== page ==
Today the track is 4.3 kilometers long and in some sectors it can be driven through with a maximum speed of 366 km/h.
The Autódromo Hermanos Rodríguez, named after two of the most famous Mexican racing drivers, Ricardo and Pedro Rodríguez, has been the most important race track in Mexico for more than 50 years. As part of a large sports complex in the southeast of the capital, it has been the scene of many racing categories, from Formula 1 to drag racing.
In the 1960s, the first Grand Prix races were held on an original five-kilometer track. In the 1970s, the circuit was removed from the Formula 1 racing calendar for safety reasons. It was still used for national races. In 1986, Formula 1 returned to the Autódromo Hermanos Rodríguez after the circuit buildings were modernized and the track was adapted to the safety regulations of the time. Until 1991 the Grand Prix of Mexico was held here every year, before Formula 1 decided to include new race tracks in its calendar, especially in the Far East.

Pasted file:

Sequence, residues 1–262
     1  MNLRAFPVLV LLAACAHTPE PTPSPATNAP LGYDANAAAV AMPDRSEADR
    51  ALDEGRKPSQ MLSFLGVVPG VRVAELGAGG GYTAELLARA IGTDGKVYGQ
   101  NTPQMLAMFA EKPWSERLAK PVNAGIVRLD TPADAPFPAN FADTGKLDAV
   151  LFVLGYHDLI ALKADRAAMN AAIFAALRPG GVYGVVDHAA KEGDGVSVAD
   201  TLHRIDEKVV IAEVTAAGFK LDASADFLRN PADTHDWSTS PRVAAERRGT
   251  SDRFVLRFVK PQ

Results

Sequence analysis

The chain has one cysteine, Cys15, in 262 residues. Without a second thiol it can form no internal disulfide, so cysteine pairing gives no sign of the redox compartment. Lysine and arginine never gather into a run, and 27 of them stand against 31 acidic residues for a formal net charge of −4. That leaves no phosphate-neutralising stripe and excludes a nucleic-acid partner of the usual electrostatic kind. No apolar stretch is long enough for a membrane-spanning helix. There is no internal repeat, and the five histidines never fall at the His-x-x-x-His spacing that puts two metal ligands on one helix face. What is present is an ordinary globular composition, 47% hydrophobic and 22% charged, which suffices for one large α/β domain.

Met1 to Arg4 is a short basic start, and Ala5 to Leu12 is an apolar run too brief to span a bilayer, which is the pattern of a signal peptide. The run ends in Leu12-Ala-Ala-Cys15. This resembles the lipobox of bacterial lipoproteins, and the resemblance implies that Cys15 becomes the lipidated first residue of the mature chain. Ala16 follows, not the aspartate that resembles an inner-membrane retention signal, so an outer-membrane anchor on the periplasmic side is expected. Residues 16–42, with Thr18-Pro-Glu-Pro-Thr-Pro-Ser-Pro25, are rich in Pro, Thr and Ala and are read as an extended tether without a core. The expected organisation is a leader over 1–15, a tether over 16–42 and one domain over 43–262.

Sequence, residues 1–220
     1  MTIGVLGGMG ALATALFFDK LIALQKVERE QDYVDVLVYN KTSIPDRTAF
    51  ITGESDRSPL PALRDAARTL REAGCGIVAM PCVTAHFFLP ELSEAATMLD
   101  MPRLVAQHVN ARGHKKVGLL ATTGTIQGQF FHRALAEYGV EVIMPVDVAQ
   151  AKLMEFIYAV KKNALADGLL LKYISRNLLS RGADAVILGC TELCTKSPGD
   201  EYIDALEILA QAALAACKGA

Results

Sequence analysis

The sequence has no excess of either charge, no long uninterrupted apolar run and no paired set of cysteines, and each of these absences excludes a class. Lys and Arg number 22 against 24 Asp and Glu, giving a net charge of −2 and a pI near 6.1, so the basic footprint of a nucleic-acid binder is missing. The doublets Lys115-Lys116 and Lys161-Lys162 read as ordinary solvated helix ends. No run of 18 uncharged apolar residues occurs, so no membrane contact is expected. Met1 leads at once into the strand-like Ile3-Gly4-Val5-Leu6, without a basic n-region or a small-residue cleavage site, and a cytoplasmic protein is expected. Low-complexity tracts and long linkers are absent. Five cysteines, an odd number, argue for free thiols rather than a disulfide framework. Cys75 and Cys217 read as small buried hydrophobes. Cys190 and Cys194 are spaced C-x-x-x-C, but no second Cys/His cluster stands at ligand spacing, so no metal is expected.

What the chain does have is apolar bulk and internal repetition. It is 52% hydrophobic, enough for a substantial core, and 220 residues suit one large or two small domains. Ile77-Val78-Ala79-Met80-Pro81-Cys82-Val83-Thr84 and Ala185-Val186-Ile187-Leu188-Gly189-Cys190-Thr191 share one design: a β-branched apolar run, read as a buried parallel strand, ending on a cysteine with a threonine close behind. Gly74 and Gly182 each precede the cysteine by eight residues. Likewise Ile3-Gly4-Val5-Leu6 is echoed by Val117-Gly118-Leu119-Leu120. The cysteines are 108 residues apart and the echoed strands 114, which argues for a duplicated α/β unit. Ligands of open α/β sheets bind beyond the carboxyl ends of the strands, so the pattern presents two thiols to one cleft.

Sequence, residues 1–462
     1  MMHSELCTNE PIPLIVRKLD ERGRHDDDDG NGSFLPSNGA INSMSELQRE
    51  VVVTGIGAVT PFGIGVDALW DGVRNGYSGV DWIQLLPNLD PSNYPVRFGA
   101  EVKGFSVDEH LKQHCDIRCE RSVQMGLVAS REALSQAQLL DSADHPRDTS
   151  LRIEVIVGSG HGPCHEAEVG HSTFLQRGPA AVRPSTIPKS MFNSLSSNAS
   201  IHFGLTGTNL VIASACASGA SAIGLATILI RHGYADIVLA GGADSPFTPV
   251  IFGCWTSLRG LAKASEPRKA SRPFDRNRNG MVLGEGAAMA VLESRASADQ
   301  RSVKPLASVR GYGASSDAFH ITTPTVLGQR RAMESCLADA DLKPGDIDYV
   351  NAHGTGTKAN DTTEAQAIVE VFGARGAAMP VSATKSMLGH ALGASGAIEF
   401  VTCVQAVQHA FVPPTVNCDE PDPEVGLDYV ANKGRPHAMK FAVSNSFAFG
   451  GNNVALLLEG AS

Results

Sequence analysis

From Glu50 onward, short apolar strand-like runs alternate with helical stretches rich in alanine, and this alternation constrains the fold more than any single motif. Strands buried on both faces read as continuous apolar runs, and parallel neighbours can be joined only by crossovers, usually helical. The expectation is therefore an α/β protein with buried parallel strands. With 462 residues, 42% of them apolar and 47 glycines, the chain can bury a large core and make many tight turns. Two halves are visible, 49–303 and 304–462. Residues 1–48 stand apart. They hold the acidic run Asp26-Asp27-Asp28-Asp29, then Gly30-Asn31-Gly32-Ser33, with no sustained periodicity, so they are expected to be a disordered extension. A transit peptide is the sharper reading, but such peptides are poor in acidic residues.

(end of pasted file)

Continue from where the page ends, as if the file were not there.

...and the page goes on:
It was only with the success of the new Mexican racing stars Sergio Pérez and Esteban Gutiérrez that Tilke’s office decided to modernize the circuit. In order to bring the circuit up to modern F1 standards, extensive renovations were required, which included significant changes to the course of the circuit. In spite of a new alignment of the track and extensions through new curve sequences, the circuit still shows the original race track in its basic features. The highlight of the laps is the revised curve sequence that leads through the Foro Sol stadium and forms one of the most exciting sections of the track. As part of the rebuilding work, the entire track was re-asphalted and new paddock buildings and grandstands were built. The changes were made in stages to allow the continuation of other racing activities. The entire complex was completed by August 2015.